California Sea Grant Trainee Morgan Ivens-Duran explains her new-found passion for rockfishes and why she is taking part in Ocean Day in Sacramento on Tuesday April 16.
I’m 22, a graduate student at Cal Poly San Luis Obispo, and I’ve dedicated my life – at least right now – to rockfish. I read about them, map them, brave gut-churning waves to tag them, all in the name of learning how their distribution has changed in the last decade and how three central coast Marine Protected Areas affect that. It’s just one example of how I’m passionate about playing a role in fending off the threats that face our ocean.
If marine science and conservation is my addiction, then sea otters were my gateway drug. When I was four, my parents took me to Monterey Bay Aquarium, and the sea otters captivated me – I could have watched them play and swim and interact with their trainers for hours. As a teen, I volunteered at the aquarium and kayaked at Moss Landing in my spare time. As I got older, that “cute otter” fascination developed into a deeper understanding of the ecology of marine systems and the conservation issues that threaten them.
That’s why I’ll be taking part in Ocean Day on April 16 in Sacramento, and meeting with my elected representatives. They need to know that it’s vital they continue supporting scientific research that informs smart fisheries management – which in turn benefits California’s economic health. California is the only state in the nation with a statewide, science-based network of marine reserves, and thanks to the science that my professor Dean Wendt and his team has done through the California Collaborative Fisheries Project, we know that MPAs seem to be working, and some fish populations are showing early signs of recovery. We also know it’s possible to benefit from fisheries management strategies that balance the concerns of conservationists with the needs of user groups such as fishermen, and it’s important to support these collaborations even when our economy is not doing well, and there are hard choices to make about funding.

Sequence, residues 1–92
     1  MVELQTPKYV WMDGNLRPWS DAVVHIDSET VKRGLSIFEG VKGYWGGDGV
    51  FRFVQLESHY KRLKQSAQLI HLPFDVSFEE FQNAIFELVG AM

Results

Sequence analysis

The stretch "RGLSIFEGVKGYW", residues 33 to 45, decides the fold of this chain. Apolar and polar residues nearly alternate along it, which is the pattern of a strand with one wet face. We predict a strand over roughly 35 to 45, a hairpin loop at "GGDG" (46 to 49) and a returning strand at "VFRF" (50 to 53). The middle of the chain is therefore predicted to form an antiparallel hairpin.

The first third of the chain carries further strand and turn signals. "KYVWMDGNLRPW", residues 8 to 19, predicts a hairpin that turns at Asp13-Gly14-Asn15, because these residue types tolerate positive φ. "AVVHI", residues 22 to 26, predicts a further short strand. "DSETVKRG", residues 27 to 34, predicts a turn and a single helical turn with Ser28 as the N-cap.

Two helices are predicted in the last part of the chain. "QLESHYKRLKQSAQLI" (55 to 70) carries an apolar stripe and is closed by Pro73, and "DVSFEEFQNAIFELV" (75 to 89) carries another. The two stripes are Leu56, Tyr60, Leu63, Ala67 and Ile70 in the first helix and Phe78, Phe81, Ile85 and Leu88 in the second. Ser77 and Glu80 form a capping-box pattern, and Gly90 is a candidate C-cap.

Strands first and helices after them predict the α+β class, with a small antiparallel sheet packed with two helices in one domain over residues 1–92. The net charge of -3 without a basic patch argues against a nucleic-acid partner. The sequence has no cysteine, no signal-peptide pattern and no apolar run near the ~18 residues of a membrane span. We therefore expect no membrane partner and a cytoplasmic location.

I’m studying at the Center for Coastal Marine Sciences, which is a world-class educational institute in its own right. But some of the most valuable lessons I’ve learned have been out at sea rather than inside the classroom. Despite the sometimes frantic dance of volunteer anglers pulling up fish and scientific crew measuring and tagging, there have been countless opportunities for me to interact with the crew and volunteer anglers who take part in the Collaborative Fishing Project. They’ve given me a deeper appreciation for the importance of protecting the ocean for a variety of uses and needs, and considering the people – not just the rich ecosystems beneath the waves – whose livelihoods depend on the sea.
I’ve learned we are all connected by a desire to have a healthy ocean that supports fish and shellfish. They want to have a healthy fishery and a healthy ocean so their children and grandchildren can fish in the future. I want a healthy ocean so I can one day take my children and grandchildren to the beach and show them critters in the tidepools and what a healthy kelp forest looks like beneath the waves. We both want the coastal waters to be clean enough so future generations can swim without fears of coastal pollution.
If I could, I’d take a lawmaker out of the capitol, and onto a boat in Morro Bay. We’d motor out past the waves, drop some lines, and I’d get to show him or her firsthand the questions we’re asking and what we want to know. What drives fishermen to fish where they do? How do those choices influence the dynamics of the brightly colored rockfish swimming below the surface of the waves? Food supply, recreational enjoyment, aesthetic beauty; there are so many reasons to protect our ocean. Most importantly, it’s about working to give future generations a healthier ocean than the one we inherited. In order to do that, fishermen, policy makers, managers, and scientists need to listen to each other. That is what Ocean Day is all about.
By Morgan Ivens-Duran. A version of this post originally appeared in the California Majority Report.
Morgan Ivens-Duran is a California Sea Grant Trainee on the project “Integrating the MLMA and MLPA—Developing New Ways to Manage California’s Nearshore Fisheries Using Catch Data,” led by Cal Poly’s Dean Wendt and California Sea Grant’s Rick Starr with support from the Ocean Protection Council.